Classifications of Trisetum in the Old World have been proposed by numerous authors. Ascherson and Graebner (1899) recognized Trisetum sect. Eutrisetum Asch. & Graebn., nom. inval. (=Trisetum sect. Trisetum) and Trisetum sect. Trisetaera Asch. & Graebn. Trisetum sect. Trisetaera included only the type, T. spicatum, and was distinguished by having a contracted panicle and densely pubescent panicle rachises, features also characteristic of Koeleria. Hermann (1956) recognized four informal groups in the genus: Trisetum, “Ventenata” (now understood to be a genus of subtribe Poinae), Rostraria, and “Argentaria”, with two species, T. distichophyllum and T. argenteum (Willd.) Roem. & Schult. Chrtek and Jirásek (1963) removed three western Mediterranean species (T. glaciale (Bory) Boiss., T. gracile E. Fourn., T. antoni-josephii Font Quer & Munoz Medina) from Trisetum sect. Trisetum and placed them in Trisetum sect. Gracilia Chrtek & Jirásek, based on leaf anatomical characteristics. Chrtek (1965) later recognized four subgenera of Trisetum in Europe, differing in leaf anatomy: (1) Trisetum subg. Trisetum; (2) Trisetum subg. Distichotrisetum Chrtek, comprising T. distichophyllum (type) and T. argenteum from central to eastern Europe; (3) Trisetum subg. Glaciotrisetum Chrtek, comprising T. glaciale (type) and T. antoni-josephii from southern Spain; and (4) Trisetum subg. Graciliotrisetum Chrtek (=Trisetum sect. Gracilia), comprising T. gracile from Sardinia. Chrtek (1965) recognized five sections in Trisetum subg. Trisetum: (1) Trisetum sect. Trisetum, comprising most species of the genus; (2) Trisetum sect. Trisetaera, comprising T. spicatum; (3) Trisetum sect. Rigida Chrtek, comprising T. rigidum (Bieb.) Roem. & Schult., T. macrotrichum Hack., T. buschianum Seredin and T. transcaucasicum Seredin from Eurasia (Tzvelev 1976); (4) Trisetum sect. Hispanica Chrtek, comprising T. velutinum Boiss. and T. hispidum Lange from the Iberian Peninsula; and (5) Trisetum sect. Carpatica Chrtek, comprising T. fuscum (Kit.) Roem. & Schult. from the Carpathians. Chrtek (1968) later described Trisetum sect. Trisetum series Sibirica Chrtek (=Trisetum subsect. Sibirica (Chrtek) Prob.) comprising T. sibiricum (type) and T. turcicum Chrtek. Other sectional taxa of Trisetum are synonyms in other genera, including Trisetum sect. Avenula Dumort. (=Avenula), Trisetum sect. Colobanthus (Trin.) Rchb. (=Sphenopholis), Trisetum sect. Discolops Dumort. (=Aira L.) and Trisetum sect. Koeleria E. Desv. (=Koeleria). All of the Old World species of Trisetum included in previous phylogenetic studies are part of Koeleriinae clade A (Quintanar et al. 2007, Saarela et al. 2010). None of the four species of Trisetum sect. Rigida (Tzvelev, 1976) have been included in phylogenetic studies, nor have most species from New Zealand (Edgar 1998) and China (Chrtek 1990, Wu and Philips 2006).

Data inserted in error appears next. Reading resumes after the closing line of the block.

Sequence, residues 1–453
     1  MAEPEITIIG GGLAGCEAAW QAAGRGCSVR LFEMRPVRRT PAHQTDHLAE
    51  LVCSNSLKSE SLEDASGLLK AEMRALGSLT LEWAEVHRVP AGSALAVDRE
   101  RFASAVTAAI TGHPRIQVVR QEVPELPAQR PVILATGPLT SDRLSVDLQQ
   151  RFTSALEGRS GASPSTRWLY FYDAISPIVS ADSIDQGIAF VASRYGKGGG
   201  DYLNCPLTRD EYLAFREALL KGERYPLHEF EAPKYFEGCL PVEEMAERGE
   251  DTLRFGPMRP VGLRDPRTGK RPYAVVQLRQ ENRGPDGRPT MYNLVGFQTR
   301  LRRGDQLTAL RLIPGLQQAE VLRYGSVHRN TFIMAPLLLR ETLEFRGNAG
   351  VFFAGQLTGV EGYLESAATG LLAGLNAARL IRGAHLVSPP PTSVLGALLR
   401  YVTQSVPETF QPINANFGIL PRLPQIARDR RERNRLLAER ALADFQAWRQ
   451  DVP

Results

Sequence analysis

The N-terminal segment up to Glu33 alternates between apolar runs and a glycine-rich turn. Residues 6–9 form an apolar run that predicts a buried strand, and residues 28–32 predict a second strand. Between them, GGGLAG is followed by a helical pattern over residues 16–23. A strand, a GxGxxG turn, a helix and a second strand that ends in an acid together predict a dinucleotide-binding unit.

Figure 18. 

A portion (Agrostidinae p.p., Holcinae p.p. and Airinae p.p.) of the maximum likelihood phylogram inferred from ITS data. ML bootstrap support is recorded along branches when >50%. The shaded area of the smaller tree on the bottom left indicates the location in the overall tree of the portion shown. Backbone branches represented by ellipses are shown only in Fig. 2.

Classifications of Trisetum in the New World have been proposed by numerous authors. Early treatments of Trisetum for North, Central and South America include those of Steudel (1854), Hitchcock (1927a) and Louis-Marie (1928). Trisetum and allies were recently revised in the New World, and classified in Trisetum subg. Trisetum sects. Trisetum and Trisetaera and Trisetum subg. Deschampsioidea (Finot et al. 2004, 2005a, 2005b, 2006b). In the New World, seven species of Trisetum sect. Trisetum are recognized: T. cernuum, T. curvisetum Morden & Valdés-Reyna, T. flavescens (introduced), T. irazuense, T. montanum Vasey, T. orthochaetum Hitch., and T. sibiricum; and 14 of Trisetum sect. Trisetaera (Finot et al. 2004, 2005a, 2005b). Trisetum subg. Deschampsioidea was previously recognized as Trisetum subsect. Deschampsioidea Louis-Marie (1928), with three species mentioned in the protologue (two are species of Deschampsia). Finot et al. (2004) raised the subsection to the rank of subgenus, designated T. palmeri as its lectotype, and recognized eight Mexican species: T. durangense Finot & P.M. Peterson, T. martha-gonzaleziae P.M. Peterson & Finot, T. palmeri, T. pinetorum Swallen, T. spellenbergii Soreng, Finot & P.M. Peterson, T. tonduzii Hitchc., T. viride (Kunth) Kunth and T. virlettii E. Fourn. Trisetum subg. Deschampsioidea is distinguished from Trisetum subg. Trisetum by having lemma apices hyaline, without nerves or with both intermediate and marginal nerves extended beyond the apex as four short awns (vs. lemma apices opaque, the intermediate nerves extended beyond the apex as two short awns) and awns inserted on the middle of the lemma (vs. awns inserted on the upper third of the lemma) (Finot et al. 2004). Species of Trisetum subg. Deschampsioidea are part of Koeleriinae clade B (Saarela et al. 2010, Wölk and Röser 2014).

Figure 19. 

A portion (Agrostidinae p.p., Holcinae, Loliinae and Poinae) of the maximum likelihood phylogram inferred from combined plastid data (atpF–atpH, psbK–psbI, psbA–rps19–trnH, matK, trnL–trnF). ML bootstrap support (left) and BI poster probabilities (right) are recorded along branches. No support is shown for branches with bootstrap support <50% and posterior probability <.5. The shaded area of the smaller tree on the left indicates the location in the overall tree of the portion shown. Slashes (//) identify a branch shortened for presentation. An indel in atpF–atpH is mapped onto the phylogram.